Nonfiction book lays basis for ‘AHS: Hotel’

I am not typically a fan of nonfiction. However, when I heard about this book and that it could be the basis for the current season of “American Horror Story,” I knew I had to read it. “The Devil in the White City: Murder, Madness and Magic at the Fair that Changed America” by Erik Larson reads like not one, but two tales.

First, “The Devil in the White City” is the story of Daniel H. Burnham, the architect who is responsible for the building of the 1893 Chicago World’s Fair. Throughout this story, all of the planning and constructing occurs and readers see all of the struggles and accomplishments of Burnham, as well as multiple other people who were there for the fair’s construction.

Second, the novel focuses on pharmacist H.H. Holmes, who acts as a charming doctor to Chicago’s citizens. His dark side, though, is that of a serial killer. This story explores the doctor’s coming to the city and the killing of more than 27 people, mostly young women. Readers learn about the hotel that Holmes used to do horrendous acts and kill his victims. Holmes is known as being America’s first serial killer.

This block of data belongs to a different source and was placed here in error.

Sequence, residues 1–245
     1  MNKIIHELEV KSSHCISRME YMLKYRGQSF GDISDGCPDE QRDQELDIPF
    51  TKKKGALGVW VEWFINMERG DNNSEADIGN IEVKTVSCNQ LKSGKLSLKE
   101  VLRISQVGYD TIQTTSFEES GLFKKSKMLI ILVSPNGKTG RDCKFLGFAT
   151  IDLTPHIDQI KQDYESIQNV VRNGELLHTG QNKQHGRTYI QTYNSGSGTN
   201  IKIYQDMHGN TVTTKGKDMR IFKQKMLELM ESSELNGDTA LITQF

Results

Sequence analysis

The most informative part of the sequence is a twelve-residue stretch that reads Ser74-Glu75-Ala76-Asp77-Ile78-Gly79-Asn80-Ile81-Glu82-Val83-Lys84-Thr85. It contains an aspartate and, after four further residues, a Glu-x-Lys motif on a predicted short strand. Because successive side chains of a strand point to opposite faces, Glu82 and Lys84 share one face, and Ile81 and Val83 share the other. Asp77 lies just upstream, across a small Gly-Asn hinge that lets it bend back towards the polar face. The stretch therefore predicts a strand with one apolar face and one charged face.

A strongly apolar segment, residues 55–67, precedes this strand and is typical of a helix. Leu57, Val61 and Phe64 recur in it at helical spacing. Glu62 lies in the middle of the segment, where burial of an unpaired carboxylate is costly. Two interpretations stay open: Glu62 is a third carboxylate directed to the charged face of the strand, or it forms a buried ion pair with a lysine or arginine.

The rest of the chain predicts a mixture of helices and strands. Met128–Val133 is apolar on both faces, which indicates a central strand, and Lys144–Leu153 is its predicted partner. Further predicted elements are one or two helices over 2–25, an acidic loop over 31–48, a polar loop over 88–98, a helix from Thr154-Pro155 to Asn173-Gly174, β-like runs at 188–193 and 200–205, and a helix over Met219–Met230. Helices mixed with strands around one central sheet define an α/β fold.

Even though the book is full of facts—Larson definitely did his research on the subject—it is easy to read and it is surprisingly entertaining. Larson takes readers into the lives of all these important people from the time of the World’s Fair. The novel also has a number of pictures that help with the story. I would have liked to see more of the buildings that Burnham created, and maybe even the hotel where the tragic events took place.

There is a rumor that James March, Evan Peters’ character in “American Horror Story: Hotel,” is based on H.H. Holmes. It would make sense, since both March and Holmes are responsible for multiple deaths, all within a hotel. That is what drew me into this book the most; I had to know more about the real serial killer, Holmes, so that I could make comparisons.

For anyone who is a fan of “AHS,” or for anyone who wants to know about the world-changing event, I would recommend trying out this piece of nonfiction, even if the genre may not normally appeal to you. It is interesting, entertaining and easy to read.

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